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Review

Review: Disgaea 1 Complete

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It’s always interesting to revisit older entries in a long running series. You get to see just how much has changed over the years, for better or worse. We’ve had many opportunities to re-experience Disgaea 1, having been released on a multitude of systems, and the announcement  of Disgaea 1 Complete on PS4 (reviewed) and Switch has us wondering what would be changed this time. Each previous release has seen the now 15 year old SRPG receive new content and characters, so it seemed safe to assume that there would be more to come in this so called ‘Complete’ release. Well… we were wrong.

After all these years, it was certainly interesting to go back to the game that started it all. The original Disgaea: Hour of Darkness was a unique entry in the SRPG genre, having easy to learn basics but offering many in-depth systems for hardcore RPG fans. The story was also rather enjoyable, telling the story of prince Laharl and his journey to reclaim the throne to the Netherworld, a world inhabited by demons. We’re happy to say that the main story is still fantastic, the dynamic between Laharl and his devious vassal Etna being especially funny. There’s also a separate Etna story mode that can be unlocked, adding some extra character development to the supporting cast.

For those that have ended up avoiding the Disgaea series, battles take place on grid based maps, with you and the enemy taking turns moving characters and attacking. Unlike other game of this style like Final Fantasy Tactics, the way units interact is far more interesting. Characters can trigger combo moves by being close to each other, and attacking the same enemy in sequence boosts how much damage you do. Many skills also require certain spaces around the user or target to be free, making character positioning and terrain height important if you want to fight effectively.

Another creative mechanic is the ability to lift and throw units around the map. This can be used to overcome large gaps or keep low health units out of the reach of enemies. This mechanic truly shines when paired with the geo panel system. Spaces on the map can have various colours which are known as geo panels, and these panels are given various effects based on what geo symbols are placed on them. These symbols have their own colours too, and can be thrown or killed like regular units leading to some interesting map layouts.

Battles may be pretty unique, but it’s character creation where things really get crazy. There are a varied amount of classes and monster types that can be used, each with their own favoured weapon types and unlockable skills. When creating new characters a master must be chosen from your existing roster, which determines what extra skills they can learn. Characters can also be reincarnated, resetting them to level 1 but giving a substantial stat boost based on the level they were beforehand.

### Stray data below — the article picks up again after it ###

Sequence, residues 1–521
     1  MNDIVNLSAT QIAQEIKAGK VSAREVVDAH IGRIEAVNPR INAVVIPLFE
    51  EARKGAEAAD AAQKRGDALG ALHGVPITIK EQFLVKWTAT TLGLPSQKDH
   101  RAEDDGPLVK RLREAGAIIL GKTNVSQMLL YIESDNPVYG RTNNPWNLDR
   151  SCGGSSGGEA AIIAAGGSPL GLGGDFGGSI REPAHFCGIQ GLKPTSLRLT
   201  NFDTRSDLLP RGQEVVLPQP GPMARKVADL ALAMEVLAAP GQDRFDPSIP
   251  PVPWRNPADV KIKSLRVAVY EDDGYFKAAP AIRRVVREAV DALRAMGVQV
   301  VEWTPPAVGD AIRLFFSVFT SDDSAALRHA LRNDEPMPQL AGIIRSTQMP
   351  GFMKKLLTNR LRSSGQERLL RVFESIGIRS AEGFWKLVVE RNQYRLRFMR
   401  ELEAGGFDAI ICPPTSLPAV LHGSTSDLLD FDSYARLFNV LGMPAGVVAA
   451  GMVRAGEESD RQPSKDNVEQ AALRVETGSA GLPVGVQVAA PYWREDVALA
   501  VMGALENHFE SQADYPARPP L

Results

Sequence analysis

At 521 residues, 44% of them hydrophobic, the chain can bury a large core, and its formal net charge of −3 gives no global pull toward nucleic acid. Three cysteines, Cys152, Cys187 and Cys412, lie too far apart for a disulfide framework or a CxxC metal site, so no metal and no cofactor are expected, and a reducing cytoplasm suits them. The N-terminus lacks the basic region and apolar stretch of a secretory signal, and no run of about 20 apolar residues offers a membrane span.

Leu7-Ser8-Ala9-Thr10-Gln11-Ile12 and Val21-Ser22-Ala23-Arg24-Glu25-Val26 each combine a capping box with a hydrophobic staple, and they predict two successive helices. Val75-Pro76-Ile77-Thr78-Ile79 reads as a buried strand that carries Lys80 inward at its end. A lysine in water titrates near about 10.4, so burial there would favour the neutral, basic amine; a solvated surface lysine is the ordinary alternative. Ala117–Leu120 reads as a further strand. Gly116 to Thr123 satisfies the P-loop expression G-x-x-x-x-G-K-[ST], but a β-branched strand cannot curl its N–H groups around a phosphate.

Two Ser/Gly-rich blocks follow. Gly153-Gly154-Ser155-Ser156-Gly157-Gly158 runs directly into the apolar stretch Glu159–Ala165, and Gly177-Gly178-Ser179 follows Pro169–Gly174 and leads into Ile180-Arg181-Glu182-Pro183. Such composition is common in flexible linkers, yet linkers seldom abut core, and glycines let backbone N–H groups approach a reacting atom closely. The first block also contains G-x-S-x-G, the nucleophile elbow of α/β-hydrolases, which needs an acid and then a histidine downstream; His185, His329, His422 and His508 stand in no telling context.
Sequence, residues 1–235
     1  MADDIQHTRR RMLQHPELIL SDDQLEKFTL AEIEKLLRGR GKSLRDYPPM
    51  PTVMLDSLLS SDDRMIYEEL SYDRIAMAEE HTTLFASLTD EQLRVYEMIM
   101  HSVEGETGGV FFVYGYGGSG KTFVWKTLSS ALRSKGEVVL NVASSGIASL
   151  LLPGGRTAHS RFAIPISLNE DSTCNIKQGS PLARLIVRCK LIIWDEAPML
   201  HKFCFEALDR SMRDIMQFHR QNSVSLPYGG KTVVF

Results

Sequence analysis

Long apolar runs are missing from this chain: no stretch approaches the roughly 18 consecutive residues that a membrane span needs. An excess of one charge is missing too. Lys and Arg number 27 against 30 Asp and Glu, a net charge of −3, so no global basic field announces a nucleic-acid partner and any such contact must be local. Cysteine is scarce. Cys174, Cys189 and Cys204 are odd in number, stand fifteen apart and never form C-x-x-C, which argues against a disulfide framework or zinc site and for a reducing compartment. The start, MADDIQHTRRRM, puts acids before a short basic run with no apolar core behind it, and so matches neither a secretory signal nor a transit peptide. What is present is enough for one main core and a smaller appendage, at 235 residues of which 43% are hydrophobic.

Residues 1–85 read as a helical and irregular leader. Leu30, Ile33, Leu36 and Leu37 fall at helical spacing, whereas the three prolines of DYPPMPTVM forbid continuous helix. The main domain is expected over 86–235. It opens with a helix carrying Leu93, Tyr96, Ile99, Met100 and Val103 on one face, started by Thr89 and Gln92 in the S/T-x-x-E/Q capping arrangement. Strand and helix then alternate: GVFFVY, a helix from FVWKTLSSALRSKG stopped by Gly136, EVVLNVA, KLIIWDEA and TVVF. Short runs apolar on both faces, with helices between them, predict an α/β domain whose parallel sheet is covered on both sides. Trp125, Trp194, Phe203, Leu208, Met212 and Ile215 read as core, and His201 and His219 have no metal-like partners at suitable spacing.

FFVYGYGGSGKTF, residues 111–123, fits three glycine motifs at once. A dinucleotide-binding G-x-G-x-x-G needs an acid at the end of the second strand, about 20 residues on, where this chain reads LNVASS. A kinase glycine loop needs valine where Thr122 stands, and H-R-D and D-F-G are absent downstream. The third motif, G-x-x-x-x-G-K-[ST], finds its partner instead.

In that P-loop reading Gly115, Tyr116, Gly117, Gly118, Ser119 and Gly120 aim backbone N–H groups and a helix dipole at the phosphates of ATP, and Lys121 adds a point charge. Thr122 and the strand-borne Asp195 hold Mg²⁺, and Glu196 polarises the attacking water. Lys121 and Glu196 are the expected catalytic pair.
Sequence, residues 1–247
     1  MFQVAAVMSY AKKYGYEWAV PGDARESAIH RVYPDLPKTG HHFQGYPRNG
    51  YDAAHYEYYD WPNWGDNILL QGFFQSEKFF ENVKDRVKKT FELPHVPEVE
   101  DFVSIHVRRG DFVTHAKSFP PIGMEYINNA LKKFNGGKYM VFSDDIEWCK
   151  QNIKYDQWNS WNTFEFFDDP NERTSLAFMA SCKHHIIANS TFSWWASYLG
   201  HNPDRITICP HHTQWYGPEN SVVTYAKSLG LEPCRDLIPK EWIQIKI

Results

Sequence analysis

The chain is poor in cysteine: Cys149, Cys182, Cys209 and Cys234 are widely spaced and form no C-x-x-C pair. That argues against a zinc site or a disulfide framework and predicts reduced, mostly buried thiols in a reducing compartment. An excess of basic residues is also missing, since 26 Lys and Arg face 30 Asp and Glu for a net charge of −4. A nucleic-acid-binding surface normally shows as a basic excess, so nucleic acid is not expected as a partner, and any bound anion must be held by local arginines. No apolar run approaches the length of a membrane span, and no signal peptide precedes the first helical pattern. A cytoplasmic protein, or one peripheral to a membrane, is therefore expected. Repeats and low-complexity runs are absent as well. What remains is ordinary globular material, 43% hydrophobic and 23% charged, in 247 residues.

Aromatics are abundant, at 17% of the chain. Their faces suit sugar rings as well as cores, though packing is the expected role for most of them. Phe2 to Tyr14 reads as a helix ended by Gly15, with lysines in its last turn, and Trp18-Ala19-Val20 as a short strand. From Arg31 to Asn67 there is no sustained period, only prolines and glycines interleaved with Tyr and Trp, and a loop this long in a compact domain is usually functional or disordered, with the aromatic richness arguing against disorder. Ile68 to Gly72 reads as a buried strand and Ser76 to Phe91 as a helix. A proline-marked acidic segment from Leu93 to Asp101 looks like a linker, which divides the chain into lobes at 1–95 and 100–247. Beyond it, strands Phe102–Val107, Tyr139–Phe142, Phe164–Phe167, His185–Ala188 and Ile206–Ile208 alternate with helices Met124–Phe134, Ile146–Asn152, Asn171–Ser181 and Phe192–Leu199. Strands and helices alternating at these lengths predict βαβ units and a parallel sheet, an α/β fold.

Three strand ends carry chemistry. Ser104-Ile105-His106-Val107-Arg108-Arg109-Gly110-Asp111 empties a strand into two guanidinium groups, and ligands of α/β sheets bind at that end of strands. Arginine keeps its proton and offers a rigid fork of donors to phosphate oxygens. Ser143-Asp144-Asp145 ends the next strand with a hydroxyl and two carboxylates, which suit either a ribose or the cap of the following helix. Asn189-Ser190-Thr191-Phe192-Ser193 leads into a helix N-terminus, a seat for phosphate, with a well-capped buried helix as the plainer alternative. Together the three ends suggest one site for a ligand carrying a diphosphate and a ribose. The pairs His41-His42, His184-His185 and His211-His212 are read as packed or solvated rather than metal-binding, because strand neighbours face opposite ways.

It’s also possible to level up not just your characters but their equipment too. The item world is used to create dungeons using gear and other items. By clearing each floor in the item world, the item’s parameters will be increased. Furthermore Innocents, monsters that can be found in the item world, have bonuses to tied to them and once subdued can be moved between equipment. Between reincarnation and the item world there are many ways to power up your team, something that is required to make your way through the substantial post-game content Disgaea 1 has.

This may all sound great, but as this is the first game in the series there are many areas that have been improved upon in later entries, such not being able to level up healing classes by actually healing and the item world sometimes generating impossible to complete floors. There’s also the fact that you cannot speed up character movement during battles, making grinding take longer than necessary. It just goes to show how much the series has changed over the years, and Disgaea 1 Complete really should have brought over some of the improvements seen in later entries.

Even with the various issues that Disgaea 1 has, it’s still an enjoyable experience overall. But this isn’t the first time we’ve played the game. This is the 5th version of Disgaea that has been released, meaning that most people that are interested in the series have likely already played it. If you compare this version to the last port the game received, Disgaea PC, the only difference between the two is the visuals. These aren’t even new either, since they’re all taken from Disgaea D2 and 5. As nice as the new character sprites and UI are, these do little to hide how outdated the game is now. The visual change is also somewhat sloppy, with many textures left unchanged and certain sprites (such as Laharl’s non-diagonal walk animations) were removed instead of replaced with higher quality versions.

Conclusion

It’s honestly hard to recommend Disgaea 1 Complete. Without any additional content or fixes to the game it’s nothing more than a prettier and much more expensive version of Disgaea PC. Only get this if you have no way of playing one of the many other ports of Disgaea, otherwise there are many cheaper alternatives.

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